Incorrect diagnosis or complicating condition (e.g., pulmonary embolism, bronchial carcinoma, bronchiectasis)
Unexpected pathogen or pathogens not covered by antibiotic choice (e.g., ‘atypical’ pathogens, pathogens resistant to commonly used antibiotics such as ampicillin-resistant Haemophilus influenzae)
Antibiotic ineffective or causing allergic reaction (e.g., poor absorption of oral antibiotic, inadequate dose, antibiotic hypersensitivity)
Impaired local (e.g., bronchiectasis, endobronchial obstruction, aspiration) or systemic (e.g., HIV infection, myeloma) defenses
Local (e.g., parapneumonic effusion, empyema, lung abscess) or distant (e.g., metastatic infection, septicaemia, phlebitis at intravenous cannula site) complications of CAP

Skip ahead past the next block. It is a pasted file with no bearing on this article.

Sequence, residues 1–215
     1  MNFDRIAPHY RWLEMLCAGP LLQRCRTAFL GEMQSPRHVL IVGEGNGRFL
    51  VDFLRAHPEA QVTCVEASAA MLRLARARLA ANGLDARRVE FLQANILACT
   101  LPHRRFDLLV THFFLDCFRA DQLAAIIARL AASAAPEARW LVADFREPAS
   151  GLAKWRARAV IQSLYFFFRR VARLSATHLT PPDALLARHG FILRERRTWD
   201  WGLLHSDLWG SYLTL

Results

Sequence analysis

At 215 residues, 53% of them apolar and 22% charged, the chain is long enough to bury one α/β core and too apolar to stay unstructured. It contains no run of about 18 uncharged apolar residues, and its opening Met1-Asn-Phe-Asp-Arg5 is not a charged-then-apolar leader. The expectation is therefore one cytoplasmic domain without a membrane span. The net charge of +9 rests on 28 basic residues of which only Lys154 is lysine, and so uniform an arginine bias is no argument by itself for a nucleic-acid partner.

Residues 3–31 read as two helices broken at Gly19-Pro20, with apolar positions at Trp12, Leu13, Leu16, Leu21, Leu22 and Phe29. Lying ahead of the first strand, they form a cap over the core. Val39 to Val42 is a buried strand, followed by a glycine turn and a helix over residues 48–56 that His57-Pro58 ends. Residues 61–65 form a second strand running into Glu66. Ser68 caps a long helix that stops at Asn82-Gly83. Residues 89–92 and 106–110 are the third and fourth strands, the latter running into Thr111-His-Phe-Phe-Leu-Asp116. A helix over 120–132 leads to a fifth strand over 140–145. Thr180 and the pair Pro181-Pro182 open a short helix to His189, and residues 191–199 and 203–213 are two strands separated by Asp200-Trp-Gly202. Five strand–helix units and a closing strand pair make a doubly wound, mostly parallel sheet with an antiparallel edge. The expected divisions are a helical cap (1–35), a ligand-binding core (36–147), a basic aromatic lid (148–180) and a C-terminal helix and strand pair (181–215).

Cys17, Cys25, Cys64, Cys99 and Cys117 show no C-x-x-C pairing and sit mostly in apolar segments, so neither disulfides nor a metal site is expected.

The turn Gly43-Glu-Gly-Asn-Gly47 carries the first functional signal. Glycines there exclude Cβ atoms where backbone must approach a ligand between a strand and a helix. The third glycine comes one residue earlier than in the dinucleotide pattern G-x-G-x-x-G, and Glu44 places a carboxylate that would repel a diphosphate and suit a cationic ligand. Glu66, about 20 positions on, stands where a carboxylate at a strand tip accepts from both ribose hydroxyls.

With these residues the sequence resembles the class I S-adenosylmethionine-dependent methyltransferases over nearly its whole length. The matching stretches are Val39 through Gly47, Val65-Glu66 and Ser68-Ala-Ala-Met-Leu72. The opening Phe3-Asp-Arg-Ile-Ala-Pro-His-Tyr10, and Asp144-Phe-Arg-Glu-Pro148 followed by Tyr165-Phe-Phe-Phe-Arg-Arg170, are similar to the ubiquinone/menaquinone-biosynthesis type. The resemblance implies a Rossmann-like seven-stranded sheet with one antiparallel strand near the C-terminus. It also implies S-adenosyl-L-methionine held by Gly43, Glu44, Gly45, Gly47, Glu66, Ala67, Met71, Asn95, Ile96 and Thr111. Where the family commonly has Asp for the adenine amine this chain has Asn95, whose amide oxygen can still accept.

Improvement expected too soon (e.g., in older patients).
In patients with high-severity CAP who are not responding to beta-lactam antibiotics or for whom an atypical or viral pathogen is suspected, order polymerase chain reaction (or other antigen detection test) of sputum or other respiratory tract sample.
In the community
Advise patients (and their carers) to seek medical advice if their symptoms worsen rapidly or significantly; symptoms do not start to improve within 3 days; or they become systemically very unwell.
About 10% of patients managed in the community do not respond to antibiotic therapy and require hospitalisation.
Discharge and follow-up
With persisting symptoms or physical signs
Who are at higher risk of underlying malignancy (especially smokers and those aged >50 years).
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